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Plan of the Siege of Fort St. Philip Signed By A Future US Consul

Finely executed manuscript map showing the Second Siege of Minorca.

The map is oriented with southwest at the top, showing the bombardment of the British held Fort St. Philip from three sides, by an allied French and Spanish force, which held the fort under Siege for a number of months before the British Surrender in February 1782.  Arrayed to the west, east and north of the Fort, over a dozen fortified assault positions are shown, with numbers of Cannon and Mortars given.  To the north several chain barriers are shown, blocking entrance to the north of the bay, where 3 ships can be seen around an island noted as Quarantine.

"The map is signed John Martin Baker Junior Fecit 1782."  The map is entirely in French, but the scale of miles is done in English Miles.  The numbered and lettered key locates over 30 points of interest during the siege, along with numerous additional details within the image.

Along the perimeter, the encampments of the French Lionnois, Bretania, Bouillon and the Royal Suedois (Royal Swedes  troops are shown at the bottom, Across the top, a group of Spanish encampments are shown, including Catalognia, Betcher, Princesa, Ultonico, Savoye, Murcia, Burgos and America.  In the center, the encampments of the Foot Dragoons, Mounted Dragoons and Artillery are shown.  At the top left, an encampment of Grenadiers is shown.

The work is exceptionally well executed and must have been prepared to illustrate the status of the siege of the fort shortly before the British capitulation.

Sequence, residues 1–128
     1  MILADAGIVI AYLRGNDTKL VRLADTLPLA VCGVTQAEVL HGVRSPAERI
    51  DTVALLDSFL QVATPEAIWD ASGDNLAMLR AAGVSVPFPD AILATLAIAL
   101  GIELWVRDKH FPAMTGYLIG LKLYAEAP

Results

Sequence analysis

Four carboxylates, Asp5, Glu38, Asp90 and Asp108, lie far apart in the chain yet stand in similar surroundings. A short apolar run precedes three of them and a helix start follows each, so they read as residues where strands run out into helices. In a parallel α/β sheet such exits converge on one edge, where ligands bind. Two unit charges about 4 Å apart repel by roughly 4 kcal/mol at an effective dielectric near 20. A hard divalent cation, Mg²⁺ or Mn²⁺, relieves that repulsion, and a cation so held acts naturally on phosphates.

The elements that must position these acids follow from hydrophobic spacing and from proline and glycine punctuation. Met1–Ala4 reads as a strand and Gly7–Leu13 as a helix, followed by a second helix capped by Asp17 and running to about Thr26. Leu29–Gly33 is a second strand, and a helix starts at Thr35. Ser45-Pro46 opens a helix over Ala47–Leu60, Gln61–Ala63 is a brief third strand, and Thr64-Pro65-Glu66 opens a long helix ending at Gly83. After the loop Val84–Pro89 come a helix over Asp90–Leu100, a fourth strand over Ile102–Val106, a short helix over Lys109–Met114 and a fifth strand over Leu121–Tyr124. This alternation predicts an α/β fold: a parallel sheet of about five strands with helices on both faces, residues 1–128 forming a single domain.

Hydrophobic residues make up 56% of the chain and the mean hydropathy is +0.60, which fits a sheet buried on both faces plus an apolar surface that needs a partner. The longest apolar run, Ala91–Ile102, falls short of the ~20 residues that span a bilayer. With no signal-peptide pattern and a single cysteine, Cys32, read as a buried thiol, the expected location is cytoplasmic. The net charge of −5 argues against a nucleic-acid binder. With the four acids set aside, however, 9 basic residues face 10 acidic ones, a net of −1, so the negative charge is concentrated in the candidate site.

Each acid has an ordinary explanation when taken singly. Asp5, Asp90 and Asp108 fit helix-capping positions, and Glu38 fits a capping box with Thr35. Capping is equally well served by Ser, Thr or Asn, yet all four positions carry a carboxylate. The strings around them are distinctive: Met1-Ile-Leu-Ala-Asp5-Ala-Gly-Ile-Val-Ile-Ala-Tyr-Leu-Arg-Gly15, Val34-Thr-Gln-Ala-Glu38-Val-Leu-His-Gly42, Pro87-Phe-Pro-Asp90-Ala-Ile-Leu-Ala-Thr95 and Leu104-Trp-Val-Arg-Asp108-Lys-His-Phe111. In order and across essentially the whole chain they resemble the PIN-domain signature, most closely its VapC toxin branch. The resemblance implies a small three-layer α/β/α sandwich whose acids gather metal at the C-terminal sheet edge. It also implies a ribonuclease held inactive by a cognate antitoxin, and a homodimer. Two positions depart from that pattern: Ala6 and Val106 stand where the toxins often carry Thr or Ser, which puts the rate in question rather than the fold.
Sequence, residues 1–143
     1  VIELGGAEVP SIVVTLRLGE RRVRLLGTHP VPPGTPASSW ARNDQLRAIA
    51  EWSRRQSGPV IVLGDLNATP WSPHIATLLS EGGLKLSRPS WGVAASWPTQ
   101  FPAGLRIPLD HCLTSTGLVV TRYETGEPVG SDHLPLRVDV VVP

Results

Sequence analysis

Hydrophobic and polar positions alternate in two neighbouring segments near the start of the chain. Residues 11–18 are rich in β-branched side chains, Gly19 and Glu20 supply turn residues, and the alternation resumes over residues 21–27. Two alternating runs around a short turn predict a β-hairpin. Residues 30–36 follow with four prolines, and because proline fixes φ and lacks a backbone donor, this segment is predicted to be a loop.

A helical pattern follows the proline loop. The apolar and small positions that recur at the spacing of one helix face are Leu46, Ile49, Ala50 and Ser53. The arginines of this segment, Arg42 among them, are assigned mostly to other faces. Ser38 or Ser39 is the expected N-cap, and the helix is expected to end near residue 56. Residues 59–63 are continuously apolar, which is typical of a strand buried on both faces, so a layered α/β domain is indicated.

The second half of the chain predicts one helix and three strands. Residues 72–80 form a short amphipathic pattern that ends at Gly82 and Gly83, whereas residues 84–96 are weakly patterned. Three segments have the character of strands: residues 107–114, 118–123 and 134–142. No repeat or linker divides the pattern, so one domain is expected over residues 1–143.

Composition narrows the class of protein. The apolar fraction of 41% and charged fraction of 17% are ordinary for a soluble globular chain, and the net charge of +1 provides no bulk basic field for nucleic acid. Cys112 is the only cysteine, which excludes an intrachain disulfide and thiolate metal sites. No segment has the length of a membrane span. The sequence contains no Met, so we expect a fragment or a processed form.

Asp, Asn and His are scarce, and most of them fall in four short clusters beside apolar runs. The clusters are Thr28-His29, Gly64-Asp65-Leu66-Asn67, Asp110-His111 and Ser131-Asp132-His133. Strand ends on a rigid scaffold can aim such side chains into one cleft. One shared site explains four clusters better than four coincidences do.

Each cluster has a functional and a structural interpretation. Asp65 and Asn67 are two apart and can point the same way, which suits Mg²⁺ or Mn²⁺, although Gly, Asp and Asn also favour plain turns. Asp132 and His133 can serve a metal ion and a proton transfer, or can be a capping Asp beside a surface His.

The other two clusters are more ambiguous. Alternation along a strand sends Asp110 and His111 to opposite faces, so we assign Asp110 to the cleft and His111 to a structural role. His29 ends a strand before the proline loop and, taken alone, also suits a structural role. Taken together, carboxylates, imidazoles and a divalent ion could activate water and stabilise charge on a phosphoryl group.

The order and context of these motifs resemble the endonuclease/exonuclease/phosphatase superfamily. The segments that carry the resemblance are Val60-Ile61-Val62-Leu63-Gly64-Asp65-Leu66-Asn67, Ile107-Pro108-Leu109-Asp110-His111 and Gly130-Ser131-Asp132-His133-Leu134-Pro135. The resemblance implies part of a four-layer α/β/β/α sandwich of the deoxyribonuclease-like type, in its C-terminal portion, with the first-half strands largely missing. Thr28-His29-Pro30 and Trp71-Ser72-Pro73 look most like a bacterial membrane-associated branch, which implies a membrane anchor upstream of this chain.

Siege of Minorca 1782

The Siege of Minorca resulted in the Franco-Spanish conquest of Minorca from its British defenders in February 1782.  The Siege followed the Siege of Fort St. Philip, which lasted over five months, was an important step in the achievement of Spain's aims in its alliance with France against Britain during the American War of Independence.

The ultimate result was the ceding of the island to Spain in the Treaty of Paris in 1783.

John Martin Baker

John Martin Baker would appear to have been born in Minorca and ultimately served for over 30 years as US Consul to various places in the Mediterranean and later Rio De Janeiro.  He as the author of Commerce of the United States and the Mediterranean Sea-Ports Including The Adriatic and Morea . . . From the Manuscript of the Late John Martin Baker (published posthumously by his son, Louis Baker).

John Martin Baker was likely related to Admiral John Baker, who was Minorca's Governor until 1716.  Records show that a John Martin Baker, born in Minorca, was the son of Charles Baker, one of the most important British merchants on the island in the period immediately prior to the Second Siege.  The same reference notes an unnamed grandson, who may also have been named John Martin Baker.  John Martin Baker petitioned the British Secretary of State in 1782 for compensation for his loss of a brewery and merchandise following the siege.  It seems that Baker thereafter move to America and obtained citizenship.